Social media creates a hotbed for sharing articles, posts, and even products. It’s not uncommon to see a company design its own Facebook or Twitter account to advertise and connect with consumers. Since social media has exploded, the public relations industry has sought to use these platforms to its advantage. While they can be used as an excellent branding tool, they can also provide complications and bad publicity when incorrectly used.

Robert Wynne discussed the best uses of Twitter to augment media relations on Forbes. He breaks down the three main reasons PR professionals would use Twitter: announcements, research, and networking. Announcements are important to keep the public informed, whether publicizing a new product or keeping the audience updated during an emergency. Twitter can also be useful to “find out what your competitors, clients, friends, media or influencers are tweeting about.” And of course, building a network is crucial in order to “meet new influencers… competitors or reporters and follow them and get them to follow you.”

Wynne also notes that the number of followers is not necessarily important; it’s the quality that counts. For example, out of the 18.4 million users following Kim Kardashian, seven million or 38% of her followers are fake, and another six million are inactive accounts. Only 5.3 million, or 29%, are authentic. To grow your brand, he recommends advice found on Twiends, like using Twitter’s services to advertise, run a contest, guest blogging or blogging about your twitter account—to give people an incentive to follow you—and include your Twitter handle if you get quoted in the media and the reporters allow it. On whether or not to approach journalists on Twitter, the response is mixed. Some would rather a tweet than the thousands of emails they receive, while others find it unprofessional and see social media as “social places” and not a place to pitch. Its best to do research on the individual you’re pitching to and find their preference.

Because I already went over a not-so-successful use of Twitter when analyzing Uber’s mistake, let’s look at an effective campaign: #Cheesepocalypse. It occurred in 2014, so close to the Super Bowl that it’s actually surprising it wasn’t just a publicity stunt. Kraft’s Velveeta cheese was experiencing a shortage, so they took to social media and dubbed it #Cheesepocalypse, explaining they were working on remedying the situation and thanking “fans” for supporting them in their hard time. Because of their fast and witty response—they even created a website where you could track the shortage, The Washington Post reported—sales actually increased during the Super Bowl.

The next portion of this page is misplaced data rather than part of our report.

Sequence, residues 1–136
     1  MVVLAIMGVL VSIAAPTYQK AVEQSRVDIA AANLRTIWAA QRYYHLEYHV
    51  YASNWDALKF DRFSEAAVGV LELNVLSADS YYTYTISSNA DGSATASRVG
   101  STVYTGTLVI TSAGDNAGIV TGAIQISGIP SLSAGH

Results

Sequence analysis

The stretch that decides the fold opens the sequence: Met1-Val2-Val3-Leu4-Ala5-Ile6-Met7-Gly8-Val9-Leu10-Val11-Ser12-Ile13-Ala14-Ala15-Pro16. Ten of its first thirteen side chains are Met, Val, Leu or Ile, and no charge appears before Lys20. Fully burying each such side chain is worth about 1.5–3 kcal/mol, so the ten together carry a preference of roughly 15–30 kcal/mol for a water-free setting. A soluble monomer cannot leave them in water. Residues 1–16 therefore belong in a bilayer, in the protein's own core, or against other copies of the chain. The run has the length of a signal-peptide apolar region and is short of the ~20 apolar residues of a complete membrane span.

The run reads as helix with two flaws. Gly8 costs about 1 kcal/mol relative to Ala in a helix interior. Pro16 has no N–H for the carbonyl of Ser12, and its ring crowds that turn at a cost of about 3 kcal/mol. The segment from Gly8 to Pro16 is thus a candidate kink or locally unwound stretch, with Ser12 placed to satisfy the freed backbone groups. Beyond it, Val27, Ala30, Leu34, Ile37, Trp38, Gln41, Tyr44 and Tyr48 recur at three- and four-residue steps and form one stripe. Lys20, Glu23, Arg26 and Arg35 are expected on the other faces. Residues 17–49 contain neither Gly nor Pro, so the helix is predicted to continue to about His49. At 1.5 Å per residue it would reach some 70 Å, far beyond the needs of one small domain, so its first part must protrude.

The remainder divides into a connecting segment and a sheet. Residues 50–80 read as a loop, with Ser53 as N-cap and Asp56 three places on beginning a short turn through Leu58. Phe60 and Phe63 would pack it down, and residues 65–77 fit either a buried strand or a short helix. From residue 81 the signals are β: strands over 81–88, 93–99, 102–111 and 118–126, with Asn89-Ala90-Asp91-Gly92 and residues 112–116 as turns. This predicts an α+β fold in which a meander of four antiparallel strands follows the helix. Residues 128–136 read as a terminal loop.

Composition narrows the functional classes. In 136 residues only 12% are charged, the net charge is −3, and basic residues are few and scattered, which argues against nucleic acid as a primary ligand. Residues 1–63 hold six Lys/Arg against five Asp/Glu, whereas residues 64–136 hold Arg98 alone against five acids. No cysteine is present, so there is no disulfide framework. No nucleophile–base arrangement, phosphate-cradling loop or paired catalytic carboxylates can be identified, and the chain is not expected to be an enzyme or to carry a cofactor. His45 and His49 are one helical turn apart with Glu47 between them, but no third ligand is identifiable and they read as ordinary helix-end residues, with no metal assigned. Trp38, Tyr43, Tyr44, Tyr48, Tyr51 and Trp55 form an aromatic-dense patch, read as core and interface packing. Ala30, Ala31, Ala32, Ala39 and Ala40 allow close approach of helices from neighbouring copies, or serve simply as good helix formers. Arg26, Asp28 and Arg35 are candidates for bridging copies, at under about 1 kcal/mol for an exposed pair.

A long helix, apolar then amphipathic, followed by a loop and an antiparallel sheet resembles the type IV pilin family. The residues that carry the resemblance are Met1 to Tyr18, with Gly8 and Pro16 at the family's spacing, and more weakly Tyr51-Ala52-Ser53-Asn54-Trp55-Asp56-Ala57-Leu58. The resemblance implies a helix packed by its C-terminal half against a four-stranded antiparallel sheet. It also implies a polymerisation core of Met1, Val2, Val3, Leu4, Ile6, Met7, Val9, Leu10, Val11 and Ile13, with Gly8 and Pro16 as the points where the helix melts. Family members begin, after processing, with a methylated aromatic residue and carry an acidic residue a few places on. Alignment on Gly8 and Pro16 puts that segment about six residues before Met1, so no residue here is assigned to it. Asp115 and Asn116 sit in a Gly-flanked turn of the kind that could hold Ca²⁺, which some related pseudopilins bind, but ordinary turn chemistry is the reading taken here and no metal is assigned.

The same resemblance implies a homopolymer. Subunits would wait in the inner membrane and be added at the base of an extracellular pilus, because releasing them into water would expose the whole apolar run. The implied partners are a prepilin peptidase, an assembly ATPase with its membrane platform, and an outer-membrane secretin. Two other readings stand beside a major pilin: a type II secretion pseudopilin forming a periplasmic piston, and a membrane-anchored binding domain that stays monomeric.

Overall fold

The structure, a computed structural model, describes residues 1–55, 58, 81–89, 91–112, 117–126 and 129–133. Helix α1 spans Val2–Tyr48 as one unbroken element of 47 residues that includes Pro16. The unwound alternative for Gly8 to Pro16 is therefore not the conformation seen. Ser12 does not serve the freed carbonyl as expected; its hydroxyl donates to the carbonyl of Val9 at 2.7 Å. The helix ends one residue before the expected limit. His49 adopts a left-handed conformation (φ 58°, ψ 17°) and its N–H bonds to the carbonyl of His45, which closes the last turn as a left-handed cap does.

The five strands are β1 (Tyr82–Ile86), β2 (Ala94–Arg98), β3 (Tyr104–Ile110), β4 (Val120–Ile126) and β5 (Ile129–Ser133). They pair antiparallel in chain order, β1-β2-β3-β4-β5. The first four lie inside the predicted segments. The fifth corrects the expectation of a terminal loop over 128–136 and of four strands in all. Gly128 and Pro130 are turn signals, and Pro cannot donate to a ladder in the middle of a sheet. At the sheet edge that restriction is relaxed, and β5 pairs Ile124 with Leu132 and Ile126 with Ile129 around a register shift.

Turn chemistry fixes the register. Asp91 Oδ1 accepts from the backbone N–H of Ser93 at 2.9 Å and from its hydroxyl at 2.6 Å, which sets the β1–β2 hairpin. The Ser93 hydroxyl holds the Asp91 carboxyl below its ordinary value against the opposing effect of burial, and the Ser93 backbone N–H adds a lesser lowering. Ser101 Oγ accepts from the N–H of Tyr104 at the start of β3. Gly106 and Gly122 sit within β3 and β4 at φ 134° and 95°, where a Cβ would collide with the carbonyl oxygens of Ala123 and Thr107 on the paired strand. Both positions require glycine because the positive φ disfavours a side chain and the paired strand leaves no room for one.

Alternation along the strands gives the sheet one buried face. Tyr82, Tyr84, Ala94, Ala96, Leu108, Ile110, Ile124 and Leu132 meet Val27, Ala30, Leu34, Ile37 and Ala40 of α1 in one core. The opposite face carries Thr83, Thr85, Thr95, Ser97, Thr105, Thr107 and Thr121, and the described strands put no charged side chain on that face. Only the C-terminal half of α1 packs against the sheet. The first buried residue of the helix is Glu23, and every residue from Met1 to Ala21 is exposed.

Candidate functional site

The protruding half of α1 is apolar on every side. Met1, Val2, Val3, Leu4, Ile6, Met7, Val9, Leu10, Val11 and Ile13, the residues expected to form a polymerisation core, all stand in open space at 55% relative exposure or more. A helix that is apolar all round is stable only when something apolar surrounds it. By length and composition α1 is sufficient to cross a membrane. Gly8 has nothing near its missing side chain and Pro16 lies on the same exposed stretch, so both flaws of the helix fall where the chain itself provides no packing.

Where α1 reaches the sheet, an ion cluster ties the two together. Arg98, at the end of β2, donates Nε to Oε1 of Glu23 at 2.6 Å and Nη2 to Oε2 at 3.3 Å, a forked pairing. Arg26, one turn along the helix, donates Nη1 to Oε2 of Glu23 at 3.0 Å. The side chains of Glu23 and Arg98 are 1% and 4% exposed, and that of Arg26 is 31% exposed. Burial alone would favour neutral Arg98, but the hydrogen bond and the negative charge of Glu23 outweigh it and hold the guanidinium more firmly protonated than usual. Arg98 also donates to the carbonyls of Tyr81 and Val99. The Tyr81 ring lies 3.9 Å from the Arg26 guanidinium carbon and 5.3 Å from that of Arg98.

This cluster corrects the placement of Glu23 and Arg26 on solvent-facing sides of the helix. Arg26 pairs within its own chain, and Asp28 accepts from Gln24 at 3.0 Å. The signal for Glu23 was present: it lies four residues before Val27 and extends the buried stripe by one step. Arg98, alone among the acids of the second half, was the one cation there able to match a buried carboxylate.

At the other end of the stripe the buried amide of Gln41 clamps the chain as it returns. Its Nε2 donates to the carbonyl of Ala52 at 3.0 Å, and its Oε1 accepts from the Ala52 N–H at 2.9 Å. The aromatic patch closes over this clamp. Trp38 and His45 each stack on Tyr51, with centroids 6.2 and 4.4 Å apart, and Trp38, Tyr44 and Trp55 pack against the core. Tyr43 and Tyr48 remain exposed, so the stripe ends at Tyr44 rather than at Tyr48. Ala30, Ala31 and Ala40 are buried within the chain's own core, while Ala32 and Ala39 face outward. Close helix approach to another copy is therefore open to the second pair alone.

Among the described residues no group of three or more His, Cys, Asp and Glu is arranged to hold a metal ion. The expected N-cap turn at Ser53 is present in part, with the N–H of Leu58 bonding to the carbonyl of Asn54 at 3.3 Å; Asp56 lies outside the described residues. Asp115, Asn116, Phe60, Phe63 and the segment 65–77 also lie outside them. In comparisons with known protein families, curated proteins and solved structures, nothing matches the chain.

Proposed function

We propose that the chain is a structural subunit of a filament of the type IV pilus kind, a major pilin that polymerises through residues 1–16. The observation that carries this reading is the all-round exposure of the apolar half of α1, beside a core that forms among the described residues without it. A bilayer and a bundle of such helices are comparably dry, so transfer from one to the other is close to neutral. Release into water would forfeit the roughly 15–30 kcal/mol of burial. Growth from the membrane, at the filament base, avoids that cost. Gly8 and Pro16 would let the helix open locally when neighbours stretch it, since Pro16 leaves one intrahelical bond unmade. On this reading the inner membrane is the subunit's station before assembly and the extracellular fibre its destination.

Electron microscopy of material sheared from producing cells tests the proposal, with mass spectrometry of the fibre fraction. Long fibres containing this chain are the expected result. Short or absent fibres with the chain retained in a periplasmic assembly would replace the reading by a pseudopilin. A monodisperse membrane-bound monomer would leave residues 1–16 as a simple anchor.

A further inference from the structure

However, despite its uses, there has been a decline in marketers focusing on Twitter. Digiday reports that whereas companies used to spend equal attention to Facebook and Twitter, there’s now three people working on Facebook to maybe half a person on Twitter. The numbers currently are just not in Twitter’s favor. “As a traffic driver, Twitter is abysmal,” Digiday says, “even topped by Yahoo. The typical publisher gets only 1.5 percent of its traffic from Twitter, compared to about 40 percent each from Facebook and Google, according to Parsely.” Only 16 percent of adults use Twitter compared to Facebook’s engagement of 67 percent. And Twitter’s live video feature was quickly overshadowed by the Facebook counterpart. For visual storytelling, which is rapidly becoming more practiced, it definitely is not the go-to.

Of course, many media outlets do still see it as a priority. Digiday assures, “Newsrooms like Bloomberg Media and CNN still consider it essential, variously, for disseminating news, newsgathering and to engage TV audiences following an event through a second screen.” USA Today Network also told Digiday that it’s much easier to monetize videos on Twitter compared to other social media platforms. Because of the swing in popularity of platforms, the recommendation is to never go all-in on one platform, instead making sure to diversify outreach programs.

Twitter is a great tool for PR professionals when used correctly. It fosters a casual atmosphere that allows you to have what feels like authentic interactions with your audience. It’s a tool for branding and communication, and has the potential to aid in what would be PR crisis, shown through #Cheesepocalypse. In order to make full use of the platform, a watchful eye and savvy tweets are necessary for any public relations personal in the current in the field.

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